I mentioned last time that I'm starting to approach my thesis as if it was a Hollywood blockbuster. Right now I'm in the pre-production phase which means: story work, character work, casting, design of the sets and props, special effects planning, etc.
In this post, I'd like to talk about one component of that process: the character design. Unlike most blockbusters, I'm starting with real people and using media and objects instead of actors to represent them. Hence character design is extremely important. Will the viewer immediately be able to recognize each of my four or five main characters across different pieces that render them in different forms and possibly different media?
In order to ensure that they will, I'm conducting a series of visual studies of my main characters designed to reduce them to caricatures. For each person who figures prominently in the story, I'm making study drawings of them from historical photographs with an eye towards the question: what is the single defining visual characteristic needed to represent them? How simply can I indicate their visual identity.
Here are a few examples of what I've come up with so far.
Bill English. Engelbart's right-hand man, the Chief Engineer and Assistant Director of Augment. His two defining features seem to be his big dark glasses and his round domelike forehead, emphasized by his slightly receding haircut.
Doug Engelbart. Founder of Augment. Our hero. This is a little bit of a tough one as in many ways Engelbart was the typical suit-and-tie engineer-type. But after making this drawing and a few others, I focused in on the hair and the head shape. His hair has this signature pompadour flow to it and striking shocks of gray and his whole head has a very solid rectangular shape with a very strong chin.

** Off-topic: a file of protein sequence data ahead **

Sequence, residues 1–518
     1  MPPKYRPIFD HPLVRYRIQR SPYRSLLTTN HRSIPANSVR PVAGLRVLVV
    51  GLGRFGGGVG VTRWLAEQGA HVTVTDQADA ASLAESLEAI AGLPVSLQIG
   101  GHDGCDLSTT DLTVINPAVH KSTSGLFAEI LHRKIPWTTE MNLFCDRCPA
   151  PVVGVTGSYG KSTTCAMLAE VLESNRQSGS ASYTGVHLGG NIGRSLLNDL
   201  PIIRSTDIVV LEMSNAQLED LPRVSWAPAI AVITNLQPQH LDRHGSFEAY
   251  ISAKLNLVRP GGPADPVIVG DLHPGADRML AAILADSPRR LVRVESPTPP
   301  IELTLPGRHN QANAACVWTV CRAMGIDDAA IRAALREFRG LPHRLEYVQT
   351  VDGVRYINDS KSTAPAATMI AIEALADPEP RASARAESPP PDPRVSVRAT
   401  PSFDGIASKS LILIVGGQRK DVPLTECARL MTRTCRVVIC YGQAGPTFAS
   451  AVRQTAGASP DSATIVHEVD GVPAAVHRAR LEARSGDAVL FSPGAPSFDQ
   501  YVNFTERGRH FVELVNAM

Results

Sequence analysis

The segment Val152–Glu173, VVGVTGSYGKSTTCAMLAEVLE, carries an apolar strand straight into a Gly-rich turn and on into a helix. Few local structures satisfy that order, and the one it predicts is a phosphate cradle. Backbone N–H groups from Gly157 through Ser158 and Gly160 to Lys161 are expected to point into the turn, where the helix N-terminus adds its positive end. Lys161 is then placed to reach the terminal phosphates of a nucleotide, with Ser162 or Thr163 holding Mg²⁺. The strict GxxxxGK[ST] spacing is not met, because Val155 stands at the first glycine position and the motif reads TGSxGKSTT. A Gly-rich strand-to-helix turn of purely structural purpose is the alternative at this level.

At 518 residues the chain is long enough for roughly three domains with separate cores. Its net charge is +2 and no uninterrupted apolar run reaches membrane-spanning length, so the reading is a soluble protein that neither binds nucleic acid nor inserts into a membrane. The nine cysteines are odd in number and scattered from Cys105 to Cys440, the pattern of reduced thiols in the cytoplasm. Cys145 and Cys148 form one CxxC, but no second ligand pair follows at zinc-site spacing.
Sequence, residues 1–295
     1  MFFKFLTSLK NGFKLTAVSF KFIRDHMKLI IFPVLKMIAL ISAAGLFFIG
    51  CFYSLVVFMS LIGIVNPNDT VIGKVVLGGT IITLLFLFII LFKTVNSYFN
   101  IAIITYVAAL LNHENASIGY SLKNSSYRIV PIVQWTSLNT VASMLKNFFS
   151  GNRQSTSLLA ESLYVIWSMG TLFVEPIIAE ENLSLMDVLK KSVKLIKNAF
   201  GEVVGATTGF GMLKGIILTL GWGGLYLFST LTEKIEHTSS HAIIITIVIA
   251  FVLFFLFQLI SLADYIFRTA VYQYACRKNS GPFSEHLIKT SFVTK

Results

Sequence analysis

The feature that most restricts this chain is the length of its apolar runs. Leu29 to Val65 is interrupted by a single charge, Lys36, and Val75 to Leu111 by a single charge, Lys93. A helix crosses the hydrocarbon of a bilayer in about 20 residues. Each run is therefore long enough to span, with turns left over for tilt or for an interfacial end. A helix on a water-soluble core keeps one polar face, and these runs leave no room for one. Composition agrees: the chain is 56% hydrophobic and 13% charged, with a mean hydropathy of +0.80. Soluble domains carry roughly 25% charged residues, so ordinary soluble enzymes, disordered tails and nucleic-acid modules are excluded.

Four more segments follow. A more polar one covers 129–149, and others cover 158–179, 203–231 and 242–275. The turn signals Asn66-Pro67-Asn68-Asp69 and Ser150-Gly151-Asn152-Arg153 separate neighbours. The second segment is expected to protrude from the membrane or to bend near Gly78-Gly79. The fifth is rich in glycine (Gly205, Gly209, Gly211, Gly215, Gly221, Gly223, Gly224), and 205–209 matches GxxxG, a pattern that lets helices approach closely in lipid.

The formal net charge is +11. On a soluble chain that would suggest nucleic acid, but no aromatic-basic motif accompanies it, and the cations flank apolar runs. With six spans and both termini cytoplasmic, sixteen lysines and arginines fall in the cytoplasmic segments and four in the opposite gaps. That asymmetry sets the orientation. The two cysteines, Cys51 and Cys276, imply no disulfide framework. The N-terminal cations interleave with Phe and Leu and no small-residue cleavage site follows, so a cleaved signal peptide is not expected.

Now, here's an example of how these two caricatures in action. The following is a frame from my storyboard of the scenes in Act 1 (about which more in the future):
Hopefully, even with just those few extremely messy strokes, the presence of the hair and the glasses let you know that what you're seeing is Engelbart and English looking through a door into an empty room.
Let's take a look at two of our secondary characters as well. In many ways these are harder as they are likely to get less "screen" time and hence need to be instantly recognizable.
This first one is John McCarthy, the head of the Stanford Artificial Intelligence Lab, which had a kind of sibling rivalry relationship with Augment. Thankfully, McCarthy is a caricaturist's dream: giant halo of frizzy hair and beard, big black glasses and prominent nose. The glasses alone wouldn't do it for us as we've already got glasses as the primary element of English's caricature, but with all of McCarthy's frizzy hair poking out in every direction they should be confused.
This last "character" is a little different, but I think it plays an important enough role in the story to actually be worth considering as a character rather than a prop or an effect.
The original mouse prototype. English built it out of wood and two potentiometers from a sketch by Engelbart; its invention was one of the most famous achievements of the lab. As a caricature, I think the things most important to emphasize are its large size compared with today's mice, its primitive construction, and the fact that it's made out of wood.
Next time, I'll have an example of using these caricatures: a basic storyboard from the outline I presented last time.